What does your website look like when you visit it on a mobile phone? Nowadays, more visitors to your website will most likely be using their phones to access your website. There are rare cases where this isn’t the case, such as if you only sell to other businesses, and most visitors will be other company employees using their desktop or laptop computer to access your website. In either case, your website’s template or “theme” must be able to adapt to desktop visitors and mobile visitors. Most modern CMSs will do this by default, so it’s not really a big issue nowadays. But you should check the template or theme before making your final decision, as some may look better than others.
Let’s Talk Specifics
Now that I’ve gone through all of the important considerations for each CMS, and what you should be looking for when choosing a CMS, let’s talk about some specifics. I personally have the most experience with Squarespace, Shopify, and Duda in particular. I only have so much time in this article to go through these three, so I’ll leave the others that I’ve mentioned to another article and a later update.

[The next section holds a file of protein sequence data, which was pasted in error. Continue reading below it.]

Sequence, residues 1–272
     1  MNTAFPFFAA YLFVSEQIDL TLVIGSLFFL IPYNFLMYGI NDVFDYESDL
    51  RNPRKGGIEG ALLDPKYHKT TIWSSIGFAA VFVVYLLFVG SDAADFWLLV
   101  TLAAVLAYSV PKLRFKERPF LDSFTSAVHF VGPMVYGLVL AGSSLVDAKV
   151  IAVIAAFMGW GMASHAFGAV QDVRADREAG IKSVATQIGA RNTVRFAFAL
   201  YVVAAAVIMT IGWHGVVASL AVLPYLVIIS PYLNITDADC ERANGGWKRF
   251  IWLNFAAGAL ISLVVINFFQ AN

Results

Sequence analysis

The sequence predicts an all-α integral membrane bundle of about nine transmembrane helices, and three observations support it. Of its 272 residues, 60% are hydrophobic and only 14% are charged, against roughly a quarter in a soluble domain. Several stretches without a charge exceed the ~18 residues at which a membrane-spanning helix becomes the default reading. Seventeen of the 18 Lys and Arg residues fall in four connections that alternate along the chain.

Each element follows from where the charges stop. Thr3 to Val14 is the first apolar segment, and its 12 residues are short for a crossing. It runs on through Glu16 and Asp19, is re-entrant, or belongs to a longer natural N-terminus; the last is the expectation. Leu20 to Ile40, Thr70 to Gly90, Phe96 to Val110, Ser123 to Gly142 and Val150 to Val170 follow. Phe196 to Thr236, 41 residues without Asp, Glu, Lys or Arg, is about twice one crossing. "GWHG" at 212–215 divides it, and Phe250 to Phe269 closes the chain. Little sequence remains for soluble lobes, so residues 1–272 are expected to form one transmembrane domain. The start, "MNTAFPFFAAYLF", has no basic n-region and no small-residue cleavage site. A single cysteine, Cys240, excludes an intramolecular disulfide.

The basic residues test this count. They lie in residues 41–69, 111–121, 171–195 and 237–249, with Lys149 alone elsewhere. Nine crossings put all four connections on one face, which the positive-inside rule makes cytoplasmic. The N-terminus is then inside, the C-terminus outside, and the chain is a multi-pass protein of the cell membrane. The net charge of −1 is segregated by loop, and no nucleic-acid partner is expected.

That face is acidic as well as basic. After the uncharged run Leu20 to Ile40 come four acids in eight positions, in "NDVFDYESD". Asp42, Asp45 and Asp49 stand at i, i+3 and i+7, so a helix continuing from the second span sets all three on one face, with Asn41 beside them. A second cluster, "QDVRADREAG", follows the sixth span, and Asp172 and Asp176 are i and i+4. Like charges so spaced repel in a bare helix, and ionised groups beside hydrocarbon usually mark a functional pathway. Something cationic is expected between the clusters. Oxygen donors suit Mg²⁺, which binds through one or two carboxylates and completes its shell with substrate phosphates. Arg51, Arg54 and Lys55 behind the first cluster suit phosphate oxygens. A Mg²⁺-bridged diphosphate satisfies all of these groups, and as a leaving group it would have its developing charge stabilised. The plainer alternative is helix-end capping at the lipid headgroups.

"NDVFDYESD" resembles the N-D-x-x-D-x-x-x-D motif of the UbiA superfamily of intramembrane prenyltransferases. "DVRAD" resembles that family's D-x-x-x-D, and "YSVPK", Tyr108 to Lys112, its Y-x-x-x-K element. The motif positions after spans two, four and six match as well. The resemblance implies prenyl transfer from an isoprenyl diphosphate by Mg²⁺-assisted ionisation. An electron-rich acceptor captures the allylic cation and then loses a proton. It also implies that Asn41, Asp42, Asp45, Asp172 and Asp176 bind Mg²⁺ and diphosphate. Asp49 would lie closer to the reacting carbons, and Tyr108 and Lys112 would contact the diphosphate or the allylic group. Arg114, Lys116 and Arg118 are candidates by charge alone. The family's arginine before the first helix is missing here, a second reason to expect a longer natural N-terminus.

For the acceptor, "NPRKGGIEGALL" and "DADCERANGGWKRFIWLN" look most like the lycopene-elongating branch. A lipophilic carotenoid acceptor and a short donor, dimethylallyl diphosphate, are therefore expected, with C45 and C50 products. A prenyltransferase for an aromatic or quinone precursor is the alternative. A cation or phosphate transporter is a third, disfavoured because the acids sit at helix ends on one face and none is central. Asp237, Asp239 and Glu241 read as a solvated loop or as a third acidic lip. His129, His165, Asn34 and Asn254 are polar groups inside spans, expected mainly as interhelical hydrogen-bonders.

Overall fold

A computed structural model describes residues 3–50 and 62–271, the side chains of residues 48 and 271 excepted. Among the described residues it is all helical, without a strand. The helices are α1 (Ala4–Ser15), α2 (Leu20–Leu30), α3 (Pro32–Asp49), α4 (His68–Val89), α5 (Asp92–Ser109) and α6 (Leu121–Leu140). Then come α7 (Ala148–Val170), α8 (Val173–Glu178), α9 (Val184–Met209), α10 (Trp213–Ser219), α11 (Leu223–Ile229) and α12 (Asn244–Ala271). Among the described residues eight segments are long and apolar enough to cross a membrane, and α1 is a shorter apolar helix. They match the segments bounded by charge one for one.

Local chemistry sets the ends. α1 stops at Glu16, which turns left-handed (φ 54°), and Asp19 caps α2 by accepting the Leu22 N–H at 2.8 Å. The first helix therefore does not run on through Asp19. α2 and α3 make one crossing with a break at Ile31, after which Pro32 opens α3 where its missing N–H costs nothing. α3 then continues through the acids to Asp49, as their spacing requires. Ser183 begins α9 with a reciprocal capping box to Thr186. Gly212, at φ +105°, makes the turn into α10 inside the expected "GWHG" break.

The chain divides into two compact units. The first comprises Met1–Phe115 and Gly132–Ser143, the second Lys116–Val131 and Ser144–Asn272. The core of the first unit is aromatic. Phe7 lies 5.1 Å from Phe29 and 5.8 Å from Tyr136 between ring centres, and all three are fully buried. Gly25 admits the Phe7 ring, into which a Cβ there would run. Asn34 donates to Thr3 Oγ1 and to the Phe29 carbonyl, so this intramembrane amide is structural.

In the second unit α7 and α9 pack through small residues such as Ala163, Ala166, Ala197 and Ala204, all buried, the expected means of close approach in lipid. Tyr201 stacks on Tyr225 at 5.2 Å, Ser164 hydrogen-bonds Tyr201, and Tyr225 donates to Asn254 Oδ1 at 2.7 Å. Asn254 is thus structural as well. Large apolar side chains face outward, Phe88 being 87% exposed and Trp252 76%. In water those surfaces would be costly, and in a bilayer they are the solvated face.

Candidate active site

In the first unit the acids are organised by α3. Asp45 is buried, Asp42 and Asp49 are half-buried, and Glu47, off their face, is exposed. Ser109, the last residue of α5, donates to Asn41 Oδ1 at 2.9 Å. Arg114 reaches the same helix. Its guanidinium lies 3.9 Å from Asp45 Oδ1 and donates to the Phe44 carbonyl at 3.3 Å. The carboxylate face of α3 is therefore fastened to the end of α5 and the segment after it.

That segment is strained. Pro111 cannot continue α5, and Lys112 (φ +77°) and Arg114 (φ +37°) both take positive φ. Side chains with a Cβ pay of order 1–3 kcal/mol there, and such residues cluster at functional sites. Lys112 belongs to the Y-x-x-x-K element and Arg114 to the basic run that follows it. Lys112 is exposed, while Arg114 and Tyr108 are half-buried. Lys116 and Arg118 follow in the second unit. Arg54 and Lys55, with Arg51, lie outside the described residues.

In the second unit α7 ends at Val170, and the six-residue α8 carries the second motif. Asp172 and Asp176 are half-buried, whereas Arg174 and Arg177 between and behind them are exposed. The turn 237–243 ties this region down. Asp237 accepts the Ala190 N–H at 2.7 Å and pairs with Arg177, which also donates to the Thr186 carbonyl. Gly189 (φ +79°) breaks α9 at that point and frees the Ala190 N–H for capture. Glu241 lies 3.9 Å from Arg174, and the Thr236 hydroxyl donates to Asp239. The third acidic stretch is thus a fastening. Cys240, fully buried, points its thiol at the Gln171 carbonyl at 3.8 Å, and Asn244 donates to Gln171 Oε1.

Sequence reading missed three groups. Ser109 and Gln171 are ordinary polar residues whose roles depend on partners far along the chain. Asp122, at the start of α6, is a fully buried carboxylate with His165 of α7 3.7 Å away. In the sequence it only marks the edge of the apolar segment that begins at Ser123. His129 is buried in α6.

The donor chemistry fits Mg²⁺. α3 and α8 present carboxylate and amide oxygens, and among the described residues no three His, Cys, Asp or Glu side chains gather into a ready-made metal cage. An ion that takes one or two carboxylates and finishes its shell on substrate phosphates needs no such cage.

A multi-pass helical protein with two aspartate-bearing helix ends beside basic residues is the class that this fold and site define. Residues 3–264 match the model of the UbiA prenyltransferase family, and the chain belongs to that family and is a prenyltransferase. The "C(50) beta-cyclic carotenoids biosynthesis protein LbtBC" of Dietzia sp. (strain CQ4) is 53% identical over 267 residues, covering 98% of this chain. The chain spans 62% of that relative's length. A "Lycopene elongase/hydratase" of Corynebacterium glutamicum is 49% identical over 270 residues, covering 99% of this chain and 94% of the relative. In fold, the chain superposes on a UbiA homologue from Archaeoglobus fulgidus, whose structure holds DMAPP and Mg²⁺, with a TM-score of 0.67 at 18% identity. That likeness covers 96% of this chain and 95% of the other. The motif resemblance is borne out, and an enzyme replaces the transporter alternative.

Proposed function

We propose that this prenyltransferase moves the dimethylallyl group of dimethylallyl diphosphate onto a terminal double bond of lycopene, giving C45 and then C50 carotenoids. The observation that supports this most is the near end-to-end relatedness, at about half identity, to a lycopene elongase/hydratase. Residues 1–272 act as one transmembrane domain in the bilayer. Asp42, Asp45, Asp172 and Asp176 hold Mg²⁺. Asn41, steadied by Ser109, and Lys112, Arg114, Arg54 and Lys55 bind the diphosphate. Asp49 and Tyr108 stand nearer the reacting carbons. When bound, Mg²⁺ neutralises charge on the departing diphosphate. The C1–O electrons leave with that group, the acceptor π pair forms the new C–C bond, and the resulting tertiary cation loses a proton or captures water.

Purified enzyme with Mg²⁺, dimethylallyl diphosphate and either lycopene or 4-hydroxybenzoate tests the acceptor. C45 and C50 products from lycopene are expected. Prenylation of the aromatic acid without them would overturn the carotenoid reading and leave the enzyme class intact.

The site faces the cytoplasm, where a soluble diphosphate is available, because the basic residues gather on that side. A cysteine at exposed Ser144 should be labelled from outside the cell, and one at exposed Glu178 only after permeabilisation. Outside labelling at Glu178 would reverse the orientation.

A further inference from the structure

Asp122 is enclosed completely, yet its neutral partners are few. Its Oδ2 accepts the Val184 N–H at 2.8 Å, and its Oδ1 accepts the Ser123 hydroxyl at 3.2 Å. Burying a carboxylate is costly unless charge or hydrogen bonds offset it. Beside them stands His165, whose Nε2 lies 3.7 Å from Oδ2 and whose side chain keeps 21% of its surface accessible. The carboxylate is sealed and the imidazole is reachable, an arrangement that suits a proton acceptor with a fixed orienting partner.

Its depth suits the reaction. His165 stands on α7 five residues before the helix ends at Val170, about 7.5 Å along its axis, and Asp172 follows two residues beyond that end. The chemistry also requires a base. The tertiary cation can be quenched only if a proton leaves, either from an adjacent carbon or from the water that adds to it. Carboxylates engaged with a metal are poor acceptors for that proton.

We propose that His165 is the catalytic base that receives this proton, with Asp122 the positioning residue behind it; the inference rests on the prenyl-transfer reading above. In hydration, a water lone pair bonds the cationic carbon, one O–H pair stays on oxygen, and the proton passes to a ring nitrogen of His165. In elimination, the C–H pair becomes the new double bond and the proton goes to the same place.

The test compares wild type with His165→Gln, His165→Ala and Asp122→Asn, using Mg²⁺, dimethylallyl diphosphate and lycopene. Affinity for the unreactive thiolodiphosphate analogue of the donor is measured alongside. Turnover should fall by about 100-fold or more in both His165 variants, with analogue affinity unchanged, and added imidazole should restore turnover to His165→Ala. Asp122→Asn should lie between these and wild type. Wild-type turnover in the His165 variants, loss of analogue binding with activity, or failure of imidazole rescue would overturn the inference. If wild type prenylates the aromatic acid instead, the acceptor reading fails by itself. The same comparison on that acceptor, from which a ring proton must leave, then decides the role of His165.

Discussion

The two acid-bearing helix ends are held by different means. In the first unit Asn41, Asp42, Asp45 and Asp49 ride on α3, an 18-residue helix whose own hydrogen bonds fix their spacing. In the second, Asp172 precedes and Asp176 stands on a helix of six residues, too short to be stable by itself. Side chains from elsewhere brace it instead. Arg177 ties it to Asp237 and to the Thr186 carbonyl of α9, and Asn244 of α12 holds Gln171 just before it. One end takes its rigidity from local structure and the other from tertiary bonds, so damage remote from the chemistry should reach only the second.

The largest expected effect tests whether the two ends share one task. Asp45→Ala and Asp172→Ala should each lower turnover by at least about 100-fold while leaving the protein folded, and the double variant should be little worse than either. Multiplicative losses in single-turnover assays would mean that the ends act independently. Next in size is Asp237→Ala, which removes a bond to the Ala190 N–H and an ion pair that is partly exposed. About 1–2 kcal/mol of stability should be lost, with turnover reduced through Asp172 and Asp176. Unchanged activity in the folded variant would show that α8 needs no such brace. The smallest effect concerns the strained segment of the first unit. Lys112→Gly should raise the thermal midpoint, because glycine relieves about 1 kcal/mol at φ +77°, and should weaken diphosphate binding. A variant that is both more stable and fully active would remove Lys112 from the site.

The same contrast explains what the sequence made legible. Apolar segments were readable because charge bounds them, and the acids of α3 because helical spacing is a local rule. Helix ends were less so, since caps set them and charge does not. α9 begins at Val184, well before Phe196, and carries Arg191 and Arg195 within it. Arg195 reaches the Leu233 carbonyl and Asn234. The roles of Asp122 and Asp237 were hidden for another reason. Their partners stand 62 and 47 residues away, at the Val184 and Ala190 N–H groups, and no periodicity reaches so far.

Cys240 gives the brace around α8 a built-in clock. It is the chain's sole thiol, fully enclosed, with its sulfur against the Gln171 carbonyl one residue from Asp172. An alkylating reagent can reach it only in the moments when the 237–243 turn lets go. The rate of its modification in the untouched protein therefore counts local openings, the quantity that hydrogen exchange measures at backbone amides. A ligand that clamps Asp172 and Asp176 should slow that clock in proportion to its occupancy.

If you’re going to set up an eCommerce website, especially with a lot of products, and only products, then you may want to consider Shopify. At a fairly reasonable price, starting at $29 per month, Shopify is a fairly easy to use CMS, and I’ve personally used it as a client of mine uses Shopify for their website. They’ve hired me in the past to help them with their SEO, and other issues with their website. Based on personal experience, I would give Shopify a 5 out of 10. This is because of the somewhat limited features that are available, and when you want to add a “feature”, then you’ll have to pay extra, usually an extra monthly fee, just for that feature. For example, there are “add ons” related to SEO that may add additional code that’s necessary to optimize the website. However, those “add ons” are built by third party developers, and can cost $15 to $45 a month or more: more than you’re paying for Shopify itself. So if you want to optimize your Shopify website fully, expect to pay a lot more than the basic monthly fee. It’s also worth mentioning that Shopify is built to sell products: adding articles, blog posts, and other web pages is difficult or nearly impossible to do. So, while it’s great for selling products, it’s not good as an overall CMS. While there are a TON of third-party add ons available from third party developers, which is good, you’ll end up paying for every single add on. Some features that come standard on another CMS.